Ace Boggess is author of five books of poetry—Misadventure, I Have Lost the Art of Dreaming It So, Ultra Deep Field, The Prisoners, and The Beautiful Girl Whose Wish Was Not Fulfilled—as well the novels States of Mercy and A Song Without a Melody. His writing appears in Notre Dame Review, The Laurel Review, River Styx, Rhino, North Dakota Quarterly, and other journals. He received a fellowship from the West Virginia Commission on the Arts and spent five years in a West Virginia prison. He lives in Charleston, West Virginia.
As a child, I swallowed a nickel.
My parents, panicking as if the coin
were valuable & toxic, addressed the nearest
where the doctor said to them, It will pass &
nothing he could do & not to worry, &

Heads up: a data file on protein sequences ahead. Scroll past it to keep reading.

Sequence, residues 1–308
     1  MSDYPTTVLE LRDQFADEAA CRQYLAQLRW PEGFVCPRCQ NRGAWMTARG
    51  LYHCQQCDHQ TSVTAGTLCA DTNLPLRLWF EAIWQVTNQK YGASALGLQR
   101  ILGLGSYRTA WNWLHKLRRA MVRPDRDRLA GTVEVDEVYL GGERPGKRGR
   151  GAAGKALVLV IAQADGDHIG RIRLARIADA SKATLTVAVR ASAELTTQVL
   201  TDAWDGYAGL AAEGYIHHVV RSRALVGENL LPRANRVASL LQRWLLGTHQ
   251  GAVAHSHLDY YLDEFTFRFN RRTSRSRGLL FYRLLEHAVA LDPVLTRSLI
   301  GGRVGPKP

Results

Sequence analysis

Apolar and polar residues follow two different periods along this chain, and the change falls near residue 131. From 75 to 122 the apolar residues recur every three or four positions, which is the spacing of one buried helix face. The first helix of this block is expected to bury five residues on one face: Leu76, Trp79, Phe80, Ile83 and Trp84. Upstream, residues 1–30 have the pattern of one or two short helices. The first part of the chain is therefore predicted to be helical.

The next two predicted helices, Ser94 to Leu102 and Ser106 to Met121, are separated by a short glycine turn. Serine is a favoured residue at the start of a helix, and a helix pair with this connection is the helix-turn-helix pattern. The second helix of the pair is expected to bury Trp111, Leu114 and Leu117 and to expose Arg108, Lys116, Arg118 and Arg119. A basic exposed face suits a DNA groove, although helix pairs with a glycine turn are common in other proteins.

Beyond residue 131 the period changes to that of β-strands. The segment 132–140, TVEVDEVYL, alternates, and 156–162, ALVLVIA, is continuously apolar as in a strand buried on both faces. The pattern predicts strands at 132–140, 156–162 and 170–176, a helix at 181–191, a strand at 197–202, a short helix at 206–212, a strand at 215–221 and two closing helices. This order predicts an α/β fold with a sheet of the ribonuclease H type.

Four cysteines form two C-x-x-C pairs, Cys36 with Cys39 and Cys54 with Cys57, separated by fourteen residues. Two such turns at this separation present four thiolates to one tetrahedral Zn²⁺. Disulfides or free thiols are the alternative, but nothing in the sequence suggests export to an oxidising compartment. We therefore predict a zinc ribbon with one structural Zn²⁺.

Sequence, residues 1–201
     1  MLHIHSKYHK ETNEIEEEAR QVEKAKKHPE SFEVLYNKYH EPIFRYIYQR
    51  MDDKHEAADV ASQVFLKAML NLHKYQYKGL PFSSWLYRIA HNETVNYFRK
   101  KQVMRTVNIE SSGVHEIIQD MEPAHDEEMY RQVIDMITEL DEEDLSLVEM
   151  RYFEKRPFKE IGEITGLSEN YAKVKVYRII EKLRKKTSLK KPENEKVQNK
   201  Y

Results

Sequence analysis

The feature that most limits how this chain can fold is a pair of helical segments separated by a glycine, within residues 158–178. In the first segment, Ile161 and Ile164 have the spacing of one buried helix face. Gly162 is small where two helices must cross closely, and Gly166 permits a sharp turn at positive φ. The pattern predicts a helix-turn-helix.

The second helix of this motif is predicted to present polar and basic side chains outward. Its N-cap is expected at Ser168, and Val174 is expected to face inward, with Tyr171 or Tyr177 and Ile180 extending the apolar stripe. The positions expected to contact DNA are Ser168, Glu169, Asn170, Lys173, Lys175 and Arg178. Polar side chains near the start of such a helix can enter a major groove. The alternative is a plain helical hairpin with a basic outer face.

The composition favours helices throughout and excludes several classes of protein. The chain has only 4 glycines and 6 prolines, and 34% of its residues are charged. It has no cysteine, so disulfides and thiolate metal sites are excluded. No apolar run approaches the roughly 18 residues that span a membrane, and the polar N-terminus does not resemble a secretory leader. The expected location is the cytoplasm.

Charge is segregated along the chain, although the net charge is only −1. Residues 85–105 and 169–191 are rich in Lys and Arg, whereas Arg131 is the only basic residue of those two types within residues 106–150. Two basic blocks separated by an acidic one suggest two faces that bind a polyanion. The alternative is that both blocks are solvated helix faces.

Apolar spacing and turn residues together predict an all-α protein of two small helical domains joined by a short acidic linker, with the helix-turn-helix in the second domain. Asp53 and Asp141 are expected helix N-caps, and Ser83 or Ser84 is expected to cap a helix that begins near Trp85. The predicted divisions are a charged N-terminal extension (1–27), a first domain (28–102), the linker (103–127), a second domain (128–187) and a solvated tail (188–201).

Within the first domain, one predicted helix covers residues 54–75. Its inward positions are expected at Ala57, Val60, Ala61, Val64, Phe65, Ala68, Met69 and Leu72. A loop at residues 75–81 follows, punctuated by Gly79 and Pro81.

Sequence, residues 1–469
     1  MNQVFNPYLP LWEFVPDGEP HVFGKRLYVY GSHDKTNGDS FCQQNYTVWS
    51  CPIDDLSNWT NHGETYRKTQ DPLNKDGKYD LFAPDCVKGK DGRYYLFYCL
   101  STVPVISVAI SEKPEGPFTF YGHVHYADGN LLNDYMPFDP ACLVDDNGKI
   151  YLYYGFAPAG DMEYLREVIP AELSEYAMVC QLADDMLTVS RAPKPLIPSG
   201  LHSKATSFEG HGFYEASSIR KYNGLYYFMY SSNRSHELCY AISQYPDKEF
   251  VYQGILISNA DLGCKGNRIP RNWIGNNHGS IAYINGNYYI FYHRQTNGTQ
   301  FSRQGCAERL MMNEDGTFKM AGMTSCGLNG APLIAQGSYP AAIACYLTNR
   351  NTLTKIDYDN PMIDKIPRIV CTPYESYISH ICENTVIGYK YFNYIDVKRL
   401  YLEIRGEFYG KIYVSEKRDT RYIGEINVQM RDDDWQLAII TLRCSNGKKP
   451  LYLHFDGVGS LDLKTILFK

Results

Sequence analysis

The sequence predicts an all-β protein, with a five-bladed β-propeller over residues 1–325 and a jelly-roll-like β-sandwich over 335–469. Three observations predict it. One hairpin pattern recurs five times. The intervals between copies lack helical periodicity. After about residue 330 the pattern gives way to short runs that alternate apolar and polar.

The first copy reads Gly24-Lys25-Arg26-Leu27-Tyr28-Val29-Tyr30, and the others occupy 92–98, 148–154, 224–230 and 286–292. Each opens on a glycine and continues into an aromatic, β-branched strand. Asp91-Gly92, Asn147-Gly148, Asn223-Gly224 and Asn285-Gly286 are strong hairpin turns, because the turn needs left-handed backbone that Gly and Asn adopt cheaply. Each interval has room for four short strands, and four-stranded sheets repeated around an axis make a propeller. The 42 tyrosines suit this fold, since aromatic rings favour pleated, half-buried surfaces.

to me, Shouldn’t do that,
although he knew
I was the sort of kid who would.
Exploratory, hoping to devour
understanding, I learned
there is no medicine, no cure for anything;
only fears & short words to relieve them.
One might remove the bullet from a wound,
but not the gun from a stranger’s hand.
Could have all the answers,
but whom to share them with
not already in possession?
That’s called conversation,
therapy maintaining its amateur status,
whereas I was five cents richer &
had no idea
what my body might be worth.